Her words were like stones against the glass walls of my heart.

And the brutality of her words were enough to shatter the bubble of people around me.

I ran for it—bumping shoulders with a faceless person, unaware to who it was as I bolted for the stairs and away from them all, to anywhere but there, to someplace they couldn’t find me, to safety–unknowing that I’d never see any of them again. Unknowing that later that day, all of the trauma from the bullying I’d endured my freshman year would come rushing back and that I’d try to do exactly as Kate Wu suggested.

That the awful words Kate Wu had said would burn a hole through my heart right down into my stomach where it would settle and churn. That flashes of being bullied would come crashing back into the forefront of my mind and that the only thing that would be playing on repeat in my head was that Kate Wu was right. She was right. She was right. She was right.

Except she wasn’t. Nor will she ever be.

Nor are any of them like her, those people who wield words like swords for the purpose of cutting someone down until they are nothing more than shards of the person they used to be.

Sometimes our mean girl sits right next to us at the lunch table. Sometimes our mean girl is our mother. Or our sister. Sometimes our mean girl isn’t a girl at all.

And sometimes, sometimes our mean girl looks back at us in the mirror each morning. Sometimes she is that quiet voice in our head that speaks up and expresses self-doubt, and self-loathing, and tells us we’re not good enough, and criticizes rather than praises, and blames, and shames. Sometimes, we can be meaner to ourselves than anyone else possibly can. Because we know exactly how to wound ourselves and we know where those wounds are and we know which are still healing.

That still doesn’t make the mean girl any more right. Even if she is a part of ourselves.

And it is because we cannot escape ourselves, that we must learn to mute that part that whispers lies and makes every effort to subvert the progress that we have made.

I never went back to my high school.

Later that same day, I would make an attempt on my life that would lead to me dropping out of school and re-enrolling a month later back in the United States. I would walk into my new school terrified that everything that I’d experienced would repeat itself. That the things that I believed were wrong with me would make themselves apparent and that I’d once more be bullied and ridiculed.

But I was wrong.

Because there had never been anything wrong with me. Or my personality. Or the things I liked to do or the books I read or the movies I enjoyed. Or the way I talked or expressed myself.

Starting my Senior year at a new school with only two months left was the best thing that could have happened to me. The friends I met and made are still my friends to this day.

None of them ever knew how much their friendship meant to me. None of them knew what environment I had come from. Or what their friendship and kindness had saved me from.

I never told any of them.

Sometimes, kindness is all we can offer a person. We don’t have to know where a person comes from or know their history to be kind. There is rarely an instance where kindness is not the answer.

Moving forward, I think we can all choose to be a little more kind—I know I can. Even if it is not our natural inclination. Even if at that precise moment, we’d rather be mean or nasty or petty or rude. Even if being kind it isn’t en vogue or popular or makes us go viral. Sometimes it can help that in our absolute worst moments, a kind word, or gesture, or even just a smile has brought us to our very knees and reminded us that, yes, what I am feeling is awful, but there is goodness too.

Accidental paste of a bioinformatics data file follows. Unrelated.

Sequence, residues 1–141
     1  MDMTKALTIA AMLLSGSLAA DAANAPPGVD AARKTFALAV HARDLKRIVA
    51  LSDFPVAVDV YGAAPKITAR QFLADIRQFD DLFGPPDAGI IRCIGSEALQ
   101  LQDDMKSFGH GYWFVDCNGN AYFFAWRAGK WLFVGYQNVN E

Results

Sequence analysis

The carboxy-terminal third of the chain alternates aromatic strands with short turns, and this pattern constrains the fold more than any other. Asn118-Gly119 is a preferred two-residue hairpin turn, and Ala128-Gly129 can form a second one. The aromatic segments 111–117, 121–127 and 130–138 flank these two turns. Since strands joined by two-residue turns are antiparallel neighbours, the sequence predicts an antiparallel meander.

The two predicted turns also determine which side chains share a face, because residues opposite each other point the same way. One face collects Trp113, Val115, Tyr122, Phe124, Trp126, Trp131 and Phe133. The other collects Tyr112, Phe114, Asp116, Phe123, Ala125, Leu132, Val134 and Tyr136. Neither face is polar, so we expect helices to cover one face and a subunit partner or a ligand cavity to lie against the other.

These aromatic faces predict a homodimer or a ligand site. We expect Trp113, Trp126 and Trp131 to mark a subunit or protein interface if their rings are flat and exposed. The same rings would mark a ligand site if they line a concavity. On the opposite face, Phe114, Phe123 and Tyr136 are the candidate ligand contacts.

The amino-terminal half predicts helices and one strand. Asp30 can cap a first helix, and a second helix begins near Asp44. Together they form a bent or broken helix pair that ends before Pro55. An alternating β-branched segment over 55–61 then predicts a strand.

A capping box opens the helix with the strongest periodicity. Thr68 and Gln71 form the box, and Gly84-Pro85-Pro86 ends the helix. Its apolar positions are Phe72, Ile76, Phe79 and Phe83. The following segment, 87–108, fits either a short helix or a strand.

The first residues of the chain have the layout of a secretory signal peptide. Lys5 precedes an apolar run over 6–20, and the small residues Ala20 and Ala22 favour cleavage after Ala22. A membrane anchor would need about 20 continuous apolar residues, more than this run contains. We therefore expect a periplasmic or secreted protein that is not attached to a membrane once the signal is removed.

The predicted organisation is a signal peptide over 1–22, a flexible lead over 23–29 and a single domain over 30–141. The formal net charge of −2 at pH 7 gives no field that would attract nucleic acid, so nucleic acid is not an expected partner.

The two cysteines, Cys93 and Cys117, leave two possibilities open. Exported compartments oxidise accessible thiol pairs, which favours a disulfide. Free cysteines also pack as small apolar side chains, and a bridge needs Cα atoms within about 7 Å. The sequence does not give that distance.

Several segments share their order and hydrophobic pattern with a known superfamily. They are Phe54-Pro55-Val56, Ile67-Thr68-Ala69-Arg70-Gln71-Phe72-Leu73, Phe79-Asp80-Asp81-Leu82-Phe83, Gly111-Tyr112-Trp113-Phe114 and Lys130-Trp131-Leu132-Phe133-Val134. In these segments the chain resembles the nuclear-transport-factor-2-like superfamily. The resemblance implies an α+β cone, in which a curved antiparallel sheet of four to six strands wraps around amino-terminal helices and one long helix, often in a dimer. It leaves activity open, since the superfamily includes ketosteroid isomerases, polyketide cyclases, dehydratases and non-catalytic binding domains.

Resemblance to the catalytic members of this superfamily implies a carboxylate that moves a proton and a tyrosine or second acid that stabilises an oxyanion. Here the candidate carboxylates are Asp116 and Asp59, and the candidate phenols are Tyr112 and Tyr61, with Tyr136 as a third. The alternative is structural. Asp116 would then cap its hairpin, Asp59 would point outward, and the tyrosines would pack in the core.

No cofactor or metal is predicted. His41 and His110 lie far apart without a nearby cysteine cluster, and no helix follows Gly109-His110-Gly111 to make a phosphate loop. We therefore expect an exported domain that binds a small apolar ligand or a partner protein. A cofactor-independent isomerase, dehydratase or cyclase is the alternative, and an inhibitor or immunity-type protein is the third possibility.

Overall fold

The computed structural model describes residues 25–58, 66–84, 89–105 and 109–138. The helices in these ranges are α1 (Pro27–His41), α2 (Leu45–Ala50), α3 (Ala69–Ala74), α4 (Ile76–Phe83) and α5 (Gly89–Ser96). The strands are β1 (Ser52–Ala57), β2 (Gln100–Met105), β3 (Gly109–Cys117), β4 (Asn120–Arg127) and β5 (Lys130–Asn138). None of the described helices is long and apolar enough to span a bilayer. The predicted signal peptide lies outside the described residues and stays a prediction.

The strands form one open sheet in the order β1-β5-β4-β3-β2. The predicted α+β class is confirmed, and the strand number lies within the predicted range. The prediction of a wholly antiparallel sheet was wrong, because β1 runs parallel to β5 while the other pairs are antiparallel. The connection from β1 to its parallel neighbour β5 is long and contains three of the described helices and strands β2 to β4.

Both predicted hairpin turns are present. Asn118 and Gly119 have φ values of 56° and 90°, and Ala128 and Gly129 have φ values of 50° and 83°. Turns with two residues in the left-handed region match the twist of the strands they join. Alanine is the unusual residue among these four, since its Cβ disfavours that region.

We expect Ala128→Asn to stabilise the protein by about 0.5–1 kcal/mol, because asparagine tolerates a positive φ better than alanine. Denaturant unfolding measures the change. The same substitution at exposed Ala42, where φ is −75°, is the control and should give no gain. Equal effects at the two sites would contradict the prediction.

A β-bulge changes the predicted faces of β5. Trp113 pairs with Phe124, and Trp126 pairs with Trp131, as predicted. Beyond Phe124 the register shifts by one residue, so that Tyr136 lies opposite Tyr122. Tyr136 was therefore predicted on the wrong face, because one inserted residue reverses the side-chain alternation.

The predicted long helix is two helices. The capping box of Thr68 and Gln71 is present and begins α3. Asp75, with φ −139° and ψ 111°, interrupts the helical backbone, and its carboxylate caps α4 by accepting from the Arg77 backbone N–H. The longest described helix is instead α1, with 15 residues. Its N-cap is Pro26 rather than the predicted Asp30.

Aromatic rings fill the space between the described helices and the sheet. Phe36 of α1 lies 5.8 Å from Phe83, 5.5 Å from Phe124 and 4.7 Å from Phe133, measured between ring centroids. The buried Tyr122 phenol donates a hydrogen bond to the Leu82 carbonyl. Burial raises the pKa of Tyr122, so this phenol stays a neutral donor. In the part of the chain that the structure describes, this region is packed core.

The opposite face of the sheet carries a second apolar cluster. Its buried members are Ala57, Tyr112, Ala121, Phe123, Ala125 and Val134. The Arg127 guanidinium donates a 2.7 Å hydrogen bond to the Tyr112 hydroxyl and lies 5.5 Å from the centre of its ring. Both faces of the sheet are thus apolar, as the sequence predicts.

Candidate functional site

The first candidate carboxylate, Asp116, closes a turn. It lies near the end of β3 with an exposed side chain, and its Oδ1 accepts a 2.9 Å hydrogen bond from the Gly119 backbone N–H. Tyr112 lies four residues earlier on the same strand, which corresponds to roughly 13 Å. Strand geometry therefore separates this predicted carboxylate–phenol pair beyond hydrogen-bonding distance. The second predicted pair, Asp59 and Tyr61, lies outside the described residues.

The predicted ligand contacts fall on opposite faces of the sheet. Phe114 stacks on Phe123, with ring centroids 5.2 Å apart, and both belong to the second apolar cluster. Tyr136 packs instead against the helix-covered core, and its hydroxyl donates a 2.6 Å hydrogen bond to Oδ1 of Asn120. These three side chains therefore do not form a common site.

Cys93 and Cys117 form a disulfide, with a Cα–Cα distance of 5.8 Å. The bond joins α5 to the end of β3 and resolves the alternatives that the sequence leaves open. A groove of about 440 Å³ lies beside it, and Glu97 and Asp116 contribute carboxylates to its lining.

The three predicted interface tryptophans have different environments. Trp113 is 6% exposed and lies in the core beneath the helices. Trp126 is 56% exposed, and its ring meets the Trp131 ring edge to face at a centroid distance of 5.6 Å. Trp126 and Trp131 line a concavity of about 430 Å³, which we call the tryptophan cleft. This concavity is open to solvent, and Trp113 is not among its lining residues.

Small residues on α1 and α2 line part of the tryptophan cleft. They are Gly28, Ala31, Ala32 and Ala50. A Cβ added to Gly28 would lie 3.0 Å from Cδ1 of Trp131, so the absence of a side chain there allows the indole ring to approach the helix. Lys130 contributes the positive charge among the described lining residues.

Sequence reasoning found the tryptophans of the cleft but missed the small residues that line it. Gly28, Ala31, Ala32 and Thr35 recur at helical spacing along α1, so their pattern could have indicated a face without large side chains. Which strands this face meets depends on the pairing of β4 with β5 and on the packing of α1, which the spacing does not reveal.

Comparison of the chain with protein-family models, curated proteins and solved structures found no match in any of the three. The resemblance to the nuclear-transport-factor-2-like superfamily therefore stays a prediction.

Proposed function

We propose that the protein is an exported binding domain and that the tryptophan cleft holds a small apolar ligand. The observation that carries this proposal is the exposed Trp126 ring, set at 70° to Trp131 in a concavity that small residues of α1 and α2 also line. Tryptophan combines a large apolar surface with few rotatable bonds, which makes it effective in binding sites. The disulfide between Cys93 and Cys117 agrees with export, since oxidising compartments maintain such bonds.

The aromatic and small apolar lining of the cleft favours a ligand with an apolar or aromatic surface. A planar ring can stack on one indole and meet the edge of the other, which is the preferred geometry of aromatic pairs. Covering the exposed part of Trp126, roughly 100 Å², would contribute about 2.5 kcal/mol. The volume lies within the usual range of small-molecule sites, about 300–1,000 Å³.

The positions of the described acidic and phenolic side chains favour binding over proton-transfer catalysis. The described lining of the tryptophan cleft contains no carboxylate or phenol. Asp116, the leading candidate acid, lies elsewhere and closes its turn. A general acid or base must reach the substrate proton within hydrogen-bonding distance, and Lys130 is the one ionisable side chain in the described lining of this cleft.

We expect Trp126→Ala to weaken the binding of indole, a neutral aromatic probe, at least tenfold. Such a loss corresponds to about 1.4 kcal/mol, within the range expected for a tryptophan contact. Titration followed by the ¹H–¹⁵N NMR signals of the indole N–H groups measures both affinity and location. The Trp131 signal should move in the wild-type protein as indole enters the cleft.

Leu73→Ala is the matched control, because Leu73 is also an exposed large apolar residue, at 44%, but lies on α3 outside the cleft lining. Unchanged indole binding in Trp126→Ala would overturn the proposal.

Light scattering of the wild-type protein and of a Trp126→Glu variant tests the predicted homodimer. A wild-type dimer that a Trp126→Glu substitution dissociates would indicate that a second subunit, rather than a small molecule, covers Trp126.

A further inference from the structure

So choose kindness. It is the answer.


8 thoughts on “Let’s Talk About My Mean Girl

  1. Wow! What an interesting read! I’m sad to know what you’ve been through but I am also glad to know that you were able to move forward. I wish you all the happiness in the world because you deserve them!

    1. Aww, Allana, thank you so much 💕💕 It definitely took time and love from good friends and family to heal, and as cliche as the saying is “it gets better”, I saw for myself that it does. I still struggle with mental health issues even now at times, but I know where to access resources now. As a teen that wasn’t so readily available.

  2. Powerful post. Glad you’re here. Writing. Sharing. And you’re right; sometimes the “mean girl” is inside our head. Learning to know she isn’t “us” is a powerful thing to awaken to.

      1. I used to try and “get rid of” negative self talk, thinking if I could resist it and send it away, I’d feel better. Some meditation and mindfulness lessons have had me shift away from trying to get rid of it, and more trying to create distance from the “character” (voice) in my head so as to not identify with it the same way. It may not sound like a difference, but it’s truly provided a powerfully different perspective for me. As the meditation teacher says, “not the thought, and let it go.” Sometimes I have to note and let go over and over, but the practice is proving useful.

        Glad to hear you are able to not be tackled as much by the self talk your head serves up.

  3. Just today I thought about posting something on twitter that included the phrase “be kind, even when you don’t have to be” and then I come here and read your post. I am very sorry that you had to deal with such an awful person. I understand insecurity and I understand jealousy, but it doesn’t warrant any of the behaviour she showed towards you. I am glad you found people that really cared though! We all need more of those in our lives ❤

    1. Hey Kat! ❤ Thank you for your love and support as always! You know, it's been so long since this incident and I absolutely agree that no amount of insecurity of jealousy ever excuses the sort of behavior that was directed toward me, I did though, have to find a way to forgive her. Not because she'd ever ever find out and not because I ever reached out to her, but because the part of me that was still injured and bleeding from the wounds needed to forgive in order to move on, if that makes sense? So yeah, there is no excuse for bad behavior, but I felt like I needed to share this story in the off chance that someone came across it and if they were in a similar situation perhaps, like me, they needed an understanding voice to tell them that there is something better on the other side of surviving it. And that though they might feel alone, as I did at the time as well, they aren't, and I hope they feel like they could reach out to me or speak to someone else they trust.